Optical De-dramatization Engine (O.D.E.) applied in 15-hour cycles to Ma-Xu Weibang's "Yeban gesheng" (Song At Midnight), 1937

This work of cinema-software is an adaptation of the 1937 film, "Yeban gesheng", also known as "Song At Midnight", by Ma-Xu Weibang.

For this O.D.E., 900 frames were sampled from Ma-Xu Weibang's 113-minute film. The software takes 450 pairs of sampled frames and dynamically extends each pair to two minutes. The sequence of 450 pairs programmatically change in appearance across 15 hours. At the end of 15 hours, the cycle repeats.

"Yeban gesheng" was partly inspired by the Hollywood feature, "The Phantom of the Opera", starring Lon Chaney, that was released twelve years prior. Shanghai of the 1920s and early 1930s, was a vibrant nexus of cultural influences from all over the world - a hybridity that manifested itself in Shanghai's film industry of that era. The period also saw the emergence of a movement of intellectuals and radical thinkers known as the "New Culture". This milieu allowed ideas associated with modernity and ideals of democracy to briefly flourish. However, the political antagonisms of the 1920s were eventually reflected in the immense brutality that accompanied internal struggles for power (thousands of Chinese Communists massacred by Nationalists led by Chiang Kaishek in Shanghai, 1927). Outside encroachments included Japanese bombing of Shanghai, 1932, that all but destroyed much of the film industry there. In 1937, the year of "Yeban gesheng", the invasion of China by Japan was fully underway.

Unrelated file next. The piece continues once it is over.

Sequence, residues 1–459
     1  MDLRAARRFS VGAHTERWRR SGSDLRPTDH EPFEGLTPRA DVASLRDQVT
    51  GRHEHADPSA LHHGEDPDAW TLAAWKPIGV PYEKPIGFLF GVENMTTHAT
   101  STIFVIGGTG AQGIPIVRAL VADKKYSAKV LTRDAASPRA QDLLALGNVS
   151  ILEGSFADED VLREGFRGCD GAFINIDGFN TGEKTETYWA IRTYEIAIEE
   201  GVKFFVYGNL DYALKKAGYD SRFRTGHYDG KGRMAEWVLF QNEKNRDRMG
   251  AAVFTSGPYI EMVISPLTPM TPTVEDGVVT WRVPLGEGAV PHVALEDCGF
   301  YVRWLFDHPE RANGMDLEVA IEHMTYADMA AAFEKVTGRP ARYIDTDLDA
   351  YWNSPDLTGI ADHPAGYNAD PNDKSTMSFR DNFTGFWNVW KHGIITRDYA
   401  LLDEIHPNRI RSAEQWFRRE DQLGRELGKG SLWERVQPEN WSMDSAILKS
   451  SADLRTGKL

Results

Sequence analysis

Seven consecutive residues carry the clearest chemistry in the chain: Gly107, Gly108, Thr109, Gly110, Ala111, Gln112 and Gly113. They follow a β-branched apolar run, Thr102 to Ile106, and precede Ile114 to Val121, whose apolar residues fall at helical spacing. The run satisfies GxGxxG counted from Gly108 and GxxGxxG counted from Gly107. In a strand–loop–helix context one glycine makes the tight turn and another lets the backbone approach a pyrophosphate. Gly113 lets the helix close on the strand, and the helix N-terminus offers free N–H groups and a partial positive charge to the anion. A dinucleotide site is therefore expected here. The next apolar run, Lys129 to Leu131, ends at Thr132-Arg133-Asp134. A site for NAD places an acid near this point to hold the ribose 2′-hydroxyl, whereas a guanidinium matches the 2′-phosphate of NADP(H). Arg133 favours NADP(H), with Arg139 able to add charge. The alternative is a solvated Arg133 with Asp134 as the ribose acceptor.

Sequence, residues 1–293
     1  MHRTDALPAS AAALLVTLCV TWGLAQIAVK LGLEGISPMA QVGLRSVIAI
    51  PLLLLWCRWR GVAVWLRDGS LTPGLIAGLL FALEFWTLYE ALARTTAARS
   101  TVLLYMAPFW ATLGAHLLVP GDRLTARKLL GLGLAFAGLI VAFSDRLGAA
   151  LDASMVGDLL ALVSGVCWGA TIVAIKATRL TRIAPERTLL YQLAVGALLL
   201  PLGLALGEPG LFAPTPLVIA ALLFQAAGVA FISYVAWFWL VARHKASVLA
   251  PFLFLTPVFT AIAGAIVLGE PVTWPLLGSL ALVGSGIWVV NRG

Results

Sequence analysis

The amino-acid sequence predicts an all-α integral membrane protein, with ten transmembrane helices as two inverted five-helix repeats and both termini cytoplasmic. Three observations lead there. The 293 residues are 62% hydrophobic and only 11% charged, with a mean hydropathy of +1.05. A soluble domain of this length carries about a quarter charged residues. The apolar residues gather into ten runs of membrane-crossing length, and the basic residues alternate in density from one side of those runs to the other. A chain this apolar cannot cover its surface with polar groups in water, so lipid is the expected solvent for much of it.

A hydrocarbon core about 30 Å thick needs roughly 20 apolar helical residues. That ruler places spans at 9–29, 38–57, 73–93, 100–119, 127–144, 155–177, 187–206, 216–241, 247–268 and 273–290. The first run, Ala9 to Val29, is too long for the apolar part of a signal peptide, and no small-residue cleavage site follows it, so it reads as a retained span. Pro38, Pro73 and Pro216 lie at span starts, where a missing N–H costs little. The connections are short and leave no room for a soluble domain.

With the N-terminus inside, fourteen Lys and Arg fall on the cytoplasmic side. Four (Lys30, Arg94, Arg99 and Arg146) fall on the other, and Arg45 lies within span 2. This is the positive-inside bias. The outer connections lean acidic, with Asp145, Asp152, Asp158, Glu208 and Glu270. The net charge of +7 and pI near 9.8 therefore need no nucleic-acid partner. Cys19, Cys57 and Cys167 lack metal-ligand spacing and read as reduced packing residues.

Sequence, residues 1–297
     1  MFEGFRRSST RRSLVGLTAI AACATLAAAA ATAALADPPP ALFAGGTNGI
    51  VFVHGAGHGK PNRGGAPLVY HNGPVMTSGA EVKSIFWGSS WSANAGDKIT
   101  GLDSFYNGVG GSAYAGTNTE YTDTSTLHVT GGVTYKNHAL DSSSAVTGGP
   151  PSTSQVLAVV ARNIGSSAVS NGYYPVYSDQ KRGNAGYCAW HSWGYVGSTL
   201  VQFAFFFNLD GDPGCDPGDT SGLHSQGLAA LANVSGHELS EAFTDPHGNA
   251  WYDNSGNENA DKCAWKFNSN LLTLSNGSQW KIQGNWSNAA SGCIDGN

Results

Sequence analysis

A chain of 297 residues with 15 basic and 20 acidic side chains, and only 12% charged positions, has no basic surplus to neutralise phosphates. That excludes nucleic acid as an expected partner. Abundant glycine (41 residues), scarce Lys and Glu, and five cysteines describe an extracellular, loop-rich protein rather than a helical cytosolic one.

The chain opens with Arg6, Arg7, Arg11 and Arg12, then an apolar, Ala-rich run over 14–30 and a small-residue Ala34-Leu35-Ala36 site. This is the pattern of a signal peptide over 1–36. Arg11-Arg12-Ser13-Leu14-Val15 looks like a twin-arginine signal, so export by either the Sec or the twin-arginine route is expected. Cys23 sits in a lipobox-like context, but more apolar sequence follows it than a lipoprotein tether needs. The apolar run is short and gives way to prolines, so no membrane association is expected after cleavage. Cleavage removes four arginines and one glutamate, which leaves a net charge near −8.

What are the subtexts (produced during the twin catastrophes of invasion and impending civil war) encoded in the frames gathered from this 1937 film? What did the audience of 1937 see that we cannot, except through techniques of digital dissection? What is the ritual of singing at midnight (the "eternal return") against a backdrop of invasion and of the cultural repression that ensued?

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This project was made possible in part by a grant from The Experimental Television Center (ETC). The ETC's Finishing Funds Program is supported by the Electronic Media and Film Program at the New York State Council on the Arts.